Pickle is 3. He asks lots of questions. In the last few months we've had some interesting discussions about his big brother where you can see he is starting to think for himself but also copy a lot of learned behaviours and comments. 'Alex died didn't he Mummy? (copied). He's with Nan now isn't he Mummy? (making connections). We can't see him any more can we Mummy? (copied) It's a bit sad though isn't it Mummy? (copied and almost exactly matches my tone when I say this). He's still my big brother though isn't he Mummy? (copied). Mummy can we have another baby and he can be my big brother? (thinking for himself). Just as I am reasonably stumped as to how to respond to this, without missing a beat or changing the tone, 'Look Mummy, there's a low loader'. Oh to be 3...
Forgive the jumping around but on Monday, Monkey would have been five and I want to talk about that. Five. What would he have been doing? He'd have been at school - that much I know. Other than that, it's actually quite hard to imagine. He'd have been a lot bigger! And heavier. We would have had to have had that hoist installed. But what would he be able to do? I don't know. I can't look at other five year olds for that to be immediately obvious. Would he have been able to sit in his chair and hold his head up for any length of time? Would he have perfected his 'smile'? Would he have been able to press a switch on his tray to get my attention or activate a toy? The latter being what I had dreamt that one day he might be able to do. His disability was severe.
I can probably tell you a lot more about what he still wouldn't have been doing. He would not have been able to sit unaided. He would not have been able to turn to someone who spoke. He wouldn't have a regular or obvious smile. He wouldn't have said Mama.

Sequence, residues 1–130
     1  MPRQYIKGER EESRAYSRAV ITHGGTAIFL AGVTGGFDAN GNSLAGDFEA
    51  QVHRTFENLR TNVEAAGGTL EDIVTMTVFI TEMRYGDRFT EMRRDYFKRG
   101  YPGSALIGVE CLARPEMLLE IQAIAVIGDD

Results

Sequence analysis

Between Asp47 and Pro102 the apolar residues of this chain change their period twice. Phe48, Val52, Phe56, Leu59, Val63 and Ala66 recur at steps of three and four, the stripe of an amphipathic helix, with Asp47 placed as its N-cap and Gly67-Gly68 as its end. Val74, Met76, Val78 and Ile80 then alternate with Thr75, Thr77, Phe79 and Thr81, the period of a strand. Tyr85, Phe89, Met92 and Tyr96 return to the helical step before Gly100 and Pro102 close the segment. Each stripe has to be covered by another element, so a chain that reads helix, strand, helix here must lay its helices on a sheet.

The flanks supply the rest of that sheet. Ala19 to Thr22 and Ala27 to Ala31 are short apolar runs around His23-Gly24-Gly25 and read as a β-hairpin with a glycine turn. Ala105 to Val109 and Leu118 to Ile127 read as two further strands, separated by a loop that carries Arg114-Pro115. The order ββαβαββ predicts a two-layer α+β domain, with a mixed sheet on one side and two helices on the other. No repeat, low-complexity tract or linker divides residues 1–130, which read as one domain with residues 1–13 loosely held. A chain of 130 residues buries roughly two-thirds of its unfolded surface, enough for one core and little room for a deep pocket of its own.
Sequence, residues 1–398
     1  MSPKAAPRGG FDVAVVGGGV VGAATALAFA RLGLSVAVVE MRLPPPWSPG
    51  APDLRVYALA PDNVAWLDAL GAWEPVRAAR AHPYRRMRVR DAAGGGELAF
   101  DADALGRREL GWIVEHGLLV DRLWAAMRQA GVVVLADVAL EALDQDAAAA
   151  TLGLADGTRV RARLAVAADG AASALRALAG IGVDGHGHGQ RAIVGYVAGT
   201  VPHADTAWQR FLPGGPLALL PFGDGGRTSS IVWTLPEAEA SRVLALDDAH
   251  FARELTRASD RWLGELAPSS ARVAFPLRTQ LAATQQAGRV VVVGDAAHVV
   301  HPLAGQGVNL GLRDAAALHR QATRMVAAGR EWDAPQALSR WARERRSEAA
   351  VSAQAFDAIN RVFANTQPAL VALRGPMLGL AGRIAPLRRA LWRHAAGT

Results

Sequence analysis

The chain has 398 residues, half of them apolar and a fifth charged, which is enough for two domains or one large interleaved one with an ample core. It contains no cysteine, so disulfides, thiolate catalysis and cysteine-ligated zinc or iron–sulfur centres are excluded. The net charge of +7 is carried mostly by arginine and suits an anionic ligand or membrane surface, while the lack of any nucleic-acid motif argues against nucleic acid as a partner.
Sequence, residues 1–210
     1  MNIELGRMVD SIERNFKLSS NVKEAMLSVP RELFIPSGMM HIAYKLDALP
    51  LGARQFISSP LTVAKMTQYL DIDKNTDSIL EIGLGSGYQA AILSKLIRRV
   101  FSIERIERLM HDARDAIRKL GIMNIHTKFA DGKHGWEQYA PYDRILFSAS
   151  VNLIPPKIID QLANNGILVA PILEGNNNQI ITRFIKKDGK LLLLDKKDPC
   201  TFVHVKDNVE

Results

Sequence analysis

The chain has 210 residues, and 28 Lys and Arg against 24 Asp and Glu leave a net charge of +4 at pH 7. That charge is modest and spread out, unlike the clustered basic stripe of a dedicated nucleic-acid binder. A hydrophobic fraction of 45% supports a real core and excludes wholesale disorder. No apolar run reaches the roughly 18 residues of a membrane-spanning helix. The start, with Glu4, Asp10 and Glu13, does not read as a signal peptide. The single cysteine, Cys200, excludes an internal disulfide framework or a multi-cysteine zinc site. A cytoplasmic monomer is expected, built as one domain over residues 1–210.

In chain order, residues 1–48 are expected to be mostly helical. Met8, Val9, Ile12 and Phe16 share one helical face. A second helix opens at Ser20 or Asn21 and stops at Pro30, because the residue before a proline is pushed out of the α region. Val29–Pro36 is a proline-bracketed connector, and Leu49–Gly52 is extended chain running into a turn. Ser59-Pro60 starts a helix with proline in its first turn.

I have so many questions but not enough time to think about them. What would I have been doing? A subject for another time! Too long for now. Would his brothers love him? Would they resent him? How would my husband be coping? What would life be like? Hospital appointments. Therapists. Stays in hospital - chest infections/operations. Suurounded by medical equipment. Regular vomiting. Constipation followed by (amazing) diarrhoea.
Does it matter? All these hypothetical questions? It does to me, it matters a lot. Sometimes when I'm cuddling Pickle & Wotsit, I need to know where Monkey would have been. I need to know that he wouldn't have been left out. I don't want to forget and this is a way to remember. I also want, at a point in my life when my children don't completely monopolise me, to be able to work in some way with families going through some of these things. I hope that I can help, whether emotionally or practically I'm not sure but if I can remember what it's like to be a Mum to child with a disability, I think I'll be better qualified.
So what did Monday entail? I really wanted some time on my own. Not to cry - although that was part of it - but just to remember and think about the answers to these questions. However, people worry about you being on your own and want to keep you company! So my lovely husband joined me at home. The day was fine. It is just another day, like any other. I tidied the house, messed about on the internet, looked at some photos and missed my son.